Low-risk foods, usually deemed non-hazardous, don't require regulated time and temperature control. Here are some examples of such foods:

  • The majority of breads and buns, excluding those with meat or cream filling;
  • Most types of baked goods that don't contain custard;
  • Confectionaries like chocolate, hard candies, and brittle;
  • Sweets such as fudge and toffees;
  • Coffee beans and tea leaves;
  • Mixes and standalone items like granola, trail mix, nuts, and seeds;
  • Baked items like cakes (with non-perishable icing), brownies, muffins, and cookies.

Exemptions from specific regulations are provided to home-based food businesses that exclusively prepare low-risk foods. These exemptions may include:

  • The provision of dedicated handwashing stations on the premises;
  • Adherence to commercial dishwashing standards; and
  • Obtaining a food handling training certificate.

Ontario's Home-Based Food Business Insurance Requirements

Getting insurance coverage is a sure way to protect yourself and your business from liability in the event of mishaps or unforeseen circumstances. For example, it can help you cover expenses related to property loss, disease, or injury from your food products or business operations.

In Ontario, you have various insurance options open to you including property insurance and liability insurance. Property insurance may cover costs related to property and equipment damage. Whereas liability insurance can help in covering costs associated with claims made against your company for harm or damage brought on by your products. 

Insurance is essential because certain licenses mentioned earlier may require specific liability insurance coverage before you get approved for those licenses.

Selling Food Online

The easiest way to get your food out in the world and start making money is by selling your products online, because you don’t need additional permits or licenses. To sell online, you need at least an order form to collect order information and payments. We recommend FormPay, the simplest ecommerce tool built for home-based food businesses that’s quick to set up and easy to use. 

Ontario food sellers like Uncle Tim’s Delicacies and G Sweets have been able to save time on admin and increase their sales with FormPay, so they can focus on growing and creating the best possible food products for their customers.

Selling at Farmers' Markets and Food Fairs

In addition to online sales, you can also sell at farmers’ markets and food fairs, but there are additional rules you need to take into account.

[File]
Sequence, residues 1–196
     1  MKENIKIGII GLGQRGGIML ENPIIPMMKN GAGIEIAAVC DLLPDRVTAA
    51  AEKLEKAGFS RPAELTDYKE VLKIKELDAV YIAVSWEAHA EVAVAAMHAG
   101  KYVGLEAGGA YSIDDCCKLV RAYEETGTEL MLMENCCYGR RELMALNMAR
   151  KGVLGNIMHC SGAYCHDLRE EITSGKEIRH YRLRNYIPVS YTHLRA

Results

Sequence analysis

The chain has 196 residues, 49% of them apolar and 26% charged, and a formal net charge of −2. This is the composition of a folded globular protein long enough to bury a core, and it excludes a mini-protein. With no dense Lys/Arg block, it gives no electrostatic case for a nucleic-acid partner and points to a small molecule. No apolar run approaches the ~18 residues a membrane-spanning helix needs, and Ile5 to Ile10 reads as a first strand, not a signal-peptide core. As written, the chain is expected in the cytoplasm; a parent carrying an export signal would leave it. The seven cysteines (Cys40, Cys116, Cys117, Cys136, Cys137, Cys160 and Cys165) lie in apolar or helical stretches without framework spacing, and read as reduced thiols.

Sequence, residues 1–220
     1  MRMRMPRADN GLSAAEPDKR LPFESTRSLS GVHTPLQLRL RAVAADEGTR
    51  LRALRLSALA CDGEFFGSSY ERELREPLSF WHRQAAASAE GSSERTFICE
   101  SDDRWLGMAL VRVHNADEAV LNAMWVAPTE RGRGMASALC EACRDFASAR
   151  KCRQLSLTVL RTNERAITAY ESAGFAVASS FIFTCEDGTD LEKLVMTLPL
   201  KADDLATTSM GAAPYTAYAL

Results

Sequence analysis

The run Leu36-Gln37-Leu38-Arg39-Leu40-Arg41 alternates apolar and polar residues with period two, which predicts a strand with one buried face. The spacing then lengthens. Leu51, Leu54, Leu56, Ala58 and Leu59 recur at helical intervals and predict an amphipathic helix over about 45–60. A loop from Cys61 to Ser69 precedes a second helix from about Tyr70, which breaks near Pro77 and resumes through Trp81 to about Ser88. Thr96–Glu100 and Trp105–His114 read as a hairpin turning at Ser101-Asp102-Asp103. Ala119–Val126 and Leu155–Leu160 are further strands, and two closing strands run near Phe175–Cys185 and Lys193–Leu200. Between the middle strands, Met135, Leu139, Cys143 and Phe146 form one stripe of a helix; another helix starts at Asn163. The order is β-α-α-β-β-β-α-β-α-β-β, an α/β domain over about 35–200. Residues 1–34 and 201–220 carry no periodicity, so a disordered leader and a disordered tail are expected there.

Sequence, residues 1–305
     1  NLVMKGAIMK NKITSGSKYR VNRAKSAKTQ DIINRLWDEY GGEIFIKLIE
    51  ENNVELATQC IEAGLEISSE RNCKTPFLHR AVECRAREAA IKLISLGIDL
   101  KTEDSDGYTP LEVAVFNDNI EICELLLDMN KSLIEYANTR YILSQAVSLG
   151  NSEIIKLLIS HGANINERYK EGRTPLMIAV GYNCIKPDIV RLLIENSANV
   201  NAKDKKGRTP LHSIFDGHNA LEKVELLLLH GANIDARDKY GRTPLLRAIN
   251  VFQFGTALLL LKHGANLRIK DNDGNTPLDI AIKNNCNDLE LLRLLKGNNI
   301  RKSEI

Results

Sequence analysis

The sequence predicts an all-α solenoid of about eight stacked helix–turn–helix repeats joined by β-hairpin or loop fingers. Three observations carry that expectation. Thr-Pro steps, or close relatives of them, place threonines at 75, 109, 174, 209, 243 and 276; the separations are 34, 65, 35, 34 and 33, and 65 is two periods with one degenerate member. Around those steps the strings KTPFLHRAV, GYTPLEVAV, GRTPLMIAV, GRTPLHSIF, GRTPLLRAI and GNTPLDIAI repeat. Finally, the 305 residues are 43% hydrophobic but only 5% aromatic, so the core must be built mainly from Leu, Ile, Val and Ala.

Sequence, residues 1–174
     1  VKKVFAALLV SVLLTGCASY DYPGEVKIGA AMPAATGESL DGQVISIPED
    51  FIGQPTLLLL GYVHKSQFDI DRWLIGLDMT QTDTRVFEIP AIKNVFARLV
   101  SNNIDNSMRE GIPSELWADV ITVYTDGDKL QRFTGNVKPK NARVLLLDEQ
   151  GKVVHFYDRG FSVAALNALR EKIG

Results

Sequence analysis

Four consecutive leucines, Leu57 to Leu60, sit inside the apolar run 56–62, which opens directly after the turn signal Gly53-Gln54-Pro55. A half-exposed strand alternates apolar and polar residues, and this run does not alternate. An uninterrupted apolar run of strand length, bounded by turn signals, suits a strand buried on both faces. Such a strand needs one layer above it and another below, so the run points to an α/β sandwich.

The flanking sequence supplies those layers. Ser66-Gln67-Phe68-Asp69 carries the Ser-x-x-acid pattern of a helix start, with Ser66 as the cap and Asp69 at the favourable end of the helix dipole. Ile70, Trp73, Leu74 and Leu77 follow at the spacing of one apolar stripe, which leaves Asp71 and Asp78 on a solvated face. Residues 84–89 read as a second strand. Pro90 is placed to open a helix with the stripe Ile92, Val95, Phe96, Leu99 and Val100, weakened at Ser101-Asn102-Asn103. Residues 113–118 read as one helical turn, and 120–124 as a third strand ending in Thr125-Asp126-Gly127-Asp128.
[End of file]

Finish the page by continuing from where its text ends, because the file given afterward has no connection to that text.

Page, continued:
For instance, you might be required to obtain a Temporary Food Establishment Permit that depends on the health unit where you run your business. The permit is for ensuring that you adhere to proper hygiene and sanitation practices, as well as the proper handling and storage of food products while you’re onsite at the markets and fairs.The process to obtain this permit varies by local public health unit. You will need to contact the public health unit in your municipality for specific information on how to obtain this permit.

Further, event organizers may ask you to purchase additional insurance to participate in these events. 


Starting a home-based food business in Ontario means that there are laws and regulations you need to comply with so that you can produce and sell your products safely to your customers. It may seem like a lot at first, but once you figure it out, you’re set! Here are some key points to keep in mind:

  1. Your business must meet the standards outlined in the Ontario Health Protection and Promotion Act and Food Premises Regulation. These cover food safety, sanitation, hygiene, and infrastructure requirements.
  2. You need to reach out to your local public health unit when initiating your business for guidance on necessary food safety precautions based on the type of food you're preparing.
  3. Home kitchens may be subject to inspections by public health inspectors to ensure they meet safety and sanitation requirements.
  4. Food handling personnel must possess a Food Handler Certification, requiring completion of a certified course approved by Ontario.
  5. Some low-risk food businesses may be exempted from specific regulations, such as dedicated handwashing stations, commercial dishwashing standards, and obtaining a food handling training certificate.
  6. It's recommended to obtain insurance coverage to protect your business from potential liabilities.
  7. Selling your products online with tools like FormPay may not require additional permits or licenses. However, selling at farmers' markets and food fairs may require a Temporary Food Establishment Permit and additional insurance.
  8. Always consult the relevant documents provided by the Ministry of Health and your local public health unit for comprehensive understanding of the requirements.